by: Kathy DeGagne, BFP Staff Writer
In 1971, Cat Stevens wrote a song called “Peace Train.” He confidently envisioned everyone riding a train bound for world peace. Fifty years later, the peace train seems to have barely left the station. But lately, hope for peace in the Middle East is picking up steam—and it comes on the heels of an initiative presented by Israeli Transportation Minister Yisrael Katz at a transportation conference in the Sultanate of Oman in early November 2018.
The initiative called “Tracks for Regional Peace” is intended as a way to advance peace and build economic ties in the region. It proposes that peace in the Middle East is possible—literally through a passenger and cargo train—a rail network linking Israel with the Gulf states. Rail tracks from Haifa port on the Mediterranean would connect through Jordan to Saudi Arabia and the other Sunni Arab states on the Arabian Peninsula.
The United States has endorsed the proposed plan, with US Middle East envoy Jason Greenblatt tweeting: “This is a helpful step for our peace efforts [alluding to US President Donald Trump’s plan for Middle East peace called the “Deal of the Century”] and essential to create an atmosphere of stability, security and prosperity between Israelis, Palestinians and their neighbors.”
Recently, relations between Israel and the Arab Gulf states have been thawing and unprecedented connections have been made between Israeli leaders and their Arab counterparts in the Gulf. In the space of a few weeks, visits by Prime Minister Benjamin Netanyahu and Transportation Minister Katz to Oman were preceded by visits by Sports Minister Miri Regev to the United Arab Emirates (UAE) and Communications Minister Ayoub Kara to Dubai. Regev visited the UAE to oversee the Israeli team in a judo competition, where, for the first time in an Arab nation, Israel’s national anthem was heard and the Israeli flag was raised after an Israeli judoka won the gold.
Benjamin and Sara Netanyahu and Israeli security officials made a historic visit to Oman at the invitation of the sultan in late October. Oman is located on the southeastern tip of the Arabian Peninsula and abuts Yemen on one side and Saudi Arabia on the other. Oman is known for its role as a mediator between adversaries in the region. Shortly after Netanyahu’s visit, Sultan Qaboos bin Said al Said acknowledged that “Israel is one of the countries in the region…maybe it is time that Israel had the same privileges and duties as other countries.”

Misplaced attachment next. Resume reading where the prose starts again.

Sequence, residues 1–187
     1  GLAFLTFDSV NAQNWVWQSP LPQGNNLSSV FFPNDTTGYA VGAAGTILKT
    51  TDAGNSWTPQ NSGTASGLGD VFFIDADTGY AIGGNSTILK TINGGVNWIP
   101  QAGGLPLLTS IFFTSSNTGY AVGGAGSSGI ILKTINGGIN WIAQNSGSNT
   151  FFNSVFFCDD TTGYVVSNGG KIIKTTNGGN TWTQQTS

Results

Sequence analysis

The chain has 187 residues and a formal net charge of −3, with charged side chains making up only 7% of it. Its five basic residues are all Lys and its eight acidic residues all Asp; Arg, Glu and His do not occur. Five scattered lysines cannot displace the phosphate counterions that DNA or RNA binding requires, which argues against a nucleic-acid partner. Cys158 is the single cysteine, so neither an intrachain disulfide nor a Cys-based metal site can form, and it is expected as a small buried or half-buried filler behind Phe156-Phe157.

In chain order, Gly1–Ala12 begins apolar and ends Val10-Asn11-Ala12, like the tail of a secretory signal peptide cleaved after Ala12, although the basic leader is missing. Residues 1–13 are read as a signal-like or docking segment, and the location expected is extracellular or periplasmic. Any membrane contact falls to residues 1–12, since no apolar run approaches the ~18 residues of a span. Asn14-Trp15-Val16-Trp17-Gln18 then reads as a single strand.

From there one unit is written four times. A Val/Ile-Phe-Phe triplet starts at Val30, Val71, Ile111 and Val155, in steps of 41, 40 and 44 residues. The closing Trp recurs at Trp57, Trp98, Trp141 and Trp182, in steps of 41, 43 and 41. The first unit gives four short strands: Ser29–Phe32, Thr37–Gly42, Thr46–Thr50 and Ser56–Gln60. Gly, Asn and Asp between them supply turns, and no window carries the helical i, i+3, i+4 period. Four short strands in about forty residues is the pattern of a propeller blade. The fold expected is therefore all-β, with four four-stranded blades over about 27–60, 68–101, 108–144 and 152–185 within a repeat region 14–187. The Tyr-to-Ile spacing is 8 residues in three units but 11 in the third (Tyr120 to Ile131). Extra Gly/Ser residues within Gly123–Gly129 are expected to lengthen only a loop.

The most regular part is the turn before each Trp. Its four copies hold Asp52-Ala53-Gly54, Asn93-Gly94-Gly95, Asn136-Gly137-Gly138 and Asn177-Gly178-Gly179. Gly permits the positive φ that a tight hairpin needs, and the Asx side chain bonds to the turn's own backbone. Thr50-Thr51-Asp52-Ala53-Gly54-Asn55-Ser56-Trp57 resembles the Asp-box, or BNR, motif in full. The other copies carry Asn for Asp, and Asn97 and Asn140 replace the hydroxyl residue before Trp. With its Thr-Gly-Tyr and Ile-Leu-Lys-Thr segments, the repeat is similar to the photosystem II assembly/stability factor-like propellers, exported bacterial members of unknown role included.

Though Israel has no formal diplomatic alliances with Bahrain, Kuwait, Oman, Qatar, Saudi Arabia and the United Arab Emirates, they are united in their concern over Iran and its increasing influence over countries and groups in the region. This includes Hezbollah in Lebanon, the Palestinian Islamic Jihad and involvement in the civil wars in Syria and Yemen. An alliance with Israel seems to make sense in the increasingly complex situation. Support for Palestinian land aspirations now seems to have taken second place to the threat of Iran in Sunni Arab priorities. The Arab states also understand Israel’s edge in technology and security, which makes the Jewish state a coveted ally.
Katz explained that his proposal is based on two central ideas: “Israel as a land bridge and Jordan as a regional transportation hub.” For millennia, Israel has served as a land bridge between nations in the region. With this new rail initiative, Israel will reprise that critical role as a land bridge for trade and diplomatic ties.
The rail link would connect the Mediterranean Sea with the Persian Gulf via Israel and Jordan in the shortest, most efficient route to transport goods and people. The 2,200-kilometers (1,367 mi.) rail network would serve as an alternative to air and sea routes, which can be much longer and costlier. It would also bypass the security threats posed by the Iranian-controlled Straits of Hormuz and Bab Al Mandeb (at the southern end of the Red Sea).
Almost 90% of the region’s oil and natural gas exports are shipped through these maritime gateways. A shutdown of the Straits by Iran would create a serious economic disaster for Saudi Arabia and the UAE as well as shake economies around the globe.
Israel plans to expand rail lines in northern Israel from Haifa to Beit She’an and eastward to the Jordanian border, with a stop in the Palestinian city of Jenin in Samaria (West Bank), promising to improve the economy of the Palestinians, as well as the Gulf states, Jordan, Israel and Iraq. Extensions of rail lines in Saudi Arabia and Jordan are also in the works. Katz predicts that growth in regional trade could reach US $250 billion by 2030.
Once, the dream of linking the Middle East by rail would have been a pipe dream, made even more impossible by regional conflicts and tension. But today, with growing understanding and ties between Israel and neighboring Arab states, the vision to enhance peaceful coexistence within Israel and the region may just become a reality. As Jason Greenblatt tweeted: “Let’s keep the dialogue going.”
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